MathOverflow is a question and answer site for professional mathematicians. Join them; it only takes a minute:

Sign up
Here's how it works:
  1. Anybody can ask a question
  2. Anybody can answer
  3. The best answers are voted up and rise to the top

Suppose $f: \mathbb{D} \rightarrow \mathbb{D}$ is analytic. Furthermore, suppose $f \circ f = g$, and $g$ is a linear fractional map. Does this guarantee that $f$ is linear fractional? I know it would be true if the domain was the sphere instead of the disk, or if $g$ was onto the disk (as we already have that $f$ is injective because $g$ is). But I want this to be true in general. Any insight?

share|cite|improve this question

Yes. Consider the sequence of open disks $$\mathbb D\subset g^{-1}(\mathbb D)\subset g^{-2}(\mathbb D)\subset \dots . $$ Let $\mathbb D'$ be the union. This is either an open disk or the complement of a point in the Riemann sphere. You can extend $f$ to $\mathbb D'$ by defining $f(z)=g^{-n}(f(g^n(z)))$ for sufficently large $n$. Now $f$ maps $\mathbb D'$ to itself in a one to one and onto fashion, so it is a linear fractional map.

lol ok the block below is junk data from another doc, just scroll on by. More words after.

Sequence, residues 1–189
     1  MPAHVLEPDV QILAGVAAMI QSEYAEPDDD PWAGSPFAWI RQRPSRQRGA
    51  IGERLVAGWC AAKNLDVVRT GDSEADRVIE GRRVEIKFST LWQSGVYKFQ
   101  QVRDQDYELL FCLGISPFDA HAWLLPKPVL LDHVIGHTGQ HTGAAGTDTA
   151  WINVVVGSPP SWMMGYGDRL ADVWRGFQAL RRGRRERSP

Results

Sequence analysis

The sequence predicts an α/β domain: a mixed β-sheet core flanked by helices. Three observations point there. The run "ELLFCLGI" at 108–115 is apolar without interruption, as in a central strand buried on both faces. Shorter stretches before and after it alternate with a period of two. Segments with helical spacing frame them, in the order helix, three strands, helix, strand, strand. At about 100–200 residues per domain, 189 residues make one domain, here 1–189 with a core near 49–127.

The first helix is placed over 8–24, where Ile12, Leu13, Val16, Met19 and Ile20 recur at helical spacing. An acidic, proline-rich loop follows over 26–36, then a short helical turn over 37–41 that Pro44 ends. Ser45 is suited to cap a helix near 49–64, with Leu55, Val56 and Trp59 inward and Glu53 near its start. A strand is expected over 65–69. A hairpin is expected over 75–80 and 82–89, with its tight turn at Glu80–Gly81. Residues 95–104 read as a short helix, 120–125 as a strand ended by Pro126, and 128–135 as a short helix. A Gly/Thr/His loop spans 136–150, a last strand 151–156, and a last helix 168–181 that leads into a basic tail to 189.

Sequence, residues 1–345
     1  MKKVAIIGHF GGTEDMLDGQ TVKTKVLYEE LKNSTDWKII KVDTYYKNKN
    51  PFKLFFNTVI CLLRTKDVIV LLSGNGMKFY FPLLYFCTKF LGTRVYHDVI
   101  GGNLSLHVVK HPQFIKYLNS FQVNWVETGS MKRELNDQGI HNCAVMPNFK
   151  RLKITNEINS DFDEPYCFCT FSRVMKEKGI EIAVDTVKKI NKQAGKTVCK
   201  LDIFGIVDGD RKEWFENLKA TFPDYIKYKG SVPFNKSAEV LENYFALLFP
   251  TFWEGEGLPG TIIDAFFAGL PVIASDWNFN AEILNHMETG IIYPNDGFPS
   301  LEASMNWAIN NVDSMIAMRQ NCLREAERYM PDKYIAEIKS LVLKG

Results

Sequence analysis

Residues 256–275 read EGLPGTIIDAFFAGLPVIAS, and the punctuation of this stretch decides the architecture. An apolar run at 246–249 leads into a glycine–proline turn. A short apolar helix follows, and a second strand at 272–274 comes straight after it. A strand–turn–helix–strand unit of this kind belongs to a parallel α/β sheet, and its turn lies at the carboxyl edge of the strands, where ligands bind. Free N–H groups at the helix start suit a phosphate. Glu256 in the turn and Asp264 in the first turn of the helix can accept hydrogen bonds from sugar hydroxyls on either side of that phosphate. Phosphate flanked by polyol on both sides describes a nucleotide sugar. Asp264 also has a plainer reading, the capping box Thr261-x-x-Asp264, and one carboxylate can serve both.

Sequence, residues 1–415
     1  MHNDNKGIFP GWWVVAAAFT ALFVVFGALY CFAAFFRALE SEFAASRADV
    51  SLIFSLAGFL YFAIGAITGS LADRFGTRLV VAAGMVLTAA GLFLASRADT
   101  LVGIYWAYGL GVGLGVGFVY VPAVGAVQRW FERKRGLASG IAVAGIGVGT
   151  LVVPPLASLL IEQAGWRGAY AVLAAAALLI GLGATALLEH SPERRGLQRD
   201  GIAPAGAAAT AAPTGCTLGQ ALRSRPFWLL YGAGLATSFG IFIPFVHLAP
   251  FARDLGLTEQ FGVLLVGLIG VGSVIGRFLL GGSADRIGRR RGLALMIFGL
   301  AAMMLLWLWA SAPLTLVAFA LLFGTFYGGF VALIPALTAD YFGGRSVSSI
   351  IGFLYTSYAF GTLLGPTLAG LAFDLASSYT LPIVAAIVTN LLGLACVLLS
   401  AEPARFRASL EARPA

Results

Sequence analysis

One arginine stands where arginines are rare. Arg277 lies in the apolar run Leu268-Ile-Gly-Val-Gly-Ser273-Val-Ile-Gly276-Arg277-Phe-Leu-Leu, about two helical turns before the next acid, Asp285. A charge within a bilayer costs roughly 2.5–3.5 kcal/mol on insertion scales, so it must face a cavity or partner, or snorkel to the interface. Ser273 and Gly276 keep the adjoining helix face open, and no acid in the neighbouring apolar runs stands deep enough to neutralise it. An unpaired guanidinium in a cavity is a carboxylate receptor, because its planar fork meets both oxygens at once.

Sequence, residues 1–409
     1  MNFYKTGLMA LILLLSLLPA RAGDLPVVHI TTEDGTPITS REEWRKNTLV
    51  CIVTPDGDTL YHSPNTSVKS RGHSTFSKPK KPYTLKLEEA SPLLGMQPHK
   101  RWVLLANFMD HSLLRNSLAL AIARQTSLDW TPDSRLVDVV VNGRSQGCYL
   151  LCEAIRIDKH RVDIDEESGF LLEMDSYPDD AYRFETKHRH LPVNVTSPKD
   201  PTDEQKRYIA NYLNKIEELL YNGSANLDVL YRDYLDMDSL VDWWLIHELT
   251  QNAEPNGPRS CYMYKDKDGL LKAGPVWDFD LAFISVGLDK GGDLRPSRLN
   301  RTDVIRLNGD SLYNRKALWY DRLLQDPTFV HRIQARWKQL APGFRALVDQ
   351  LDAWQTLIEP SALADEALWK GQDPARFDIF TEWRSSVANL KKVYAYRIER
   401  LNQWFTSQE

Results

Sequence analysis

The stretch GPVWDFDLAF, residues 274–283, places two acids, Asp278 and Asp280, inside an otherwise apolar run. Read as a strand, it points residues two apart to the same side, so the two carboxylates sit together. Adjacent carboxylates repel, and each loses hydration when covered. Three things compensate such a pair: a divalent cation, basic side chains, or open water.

share|cite|improve this answer

Your Answer


By posting your answer, you agree to the privacy policy and terms of service.

Not the answer you're looking for? Browse other questions tagged or ask your own question.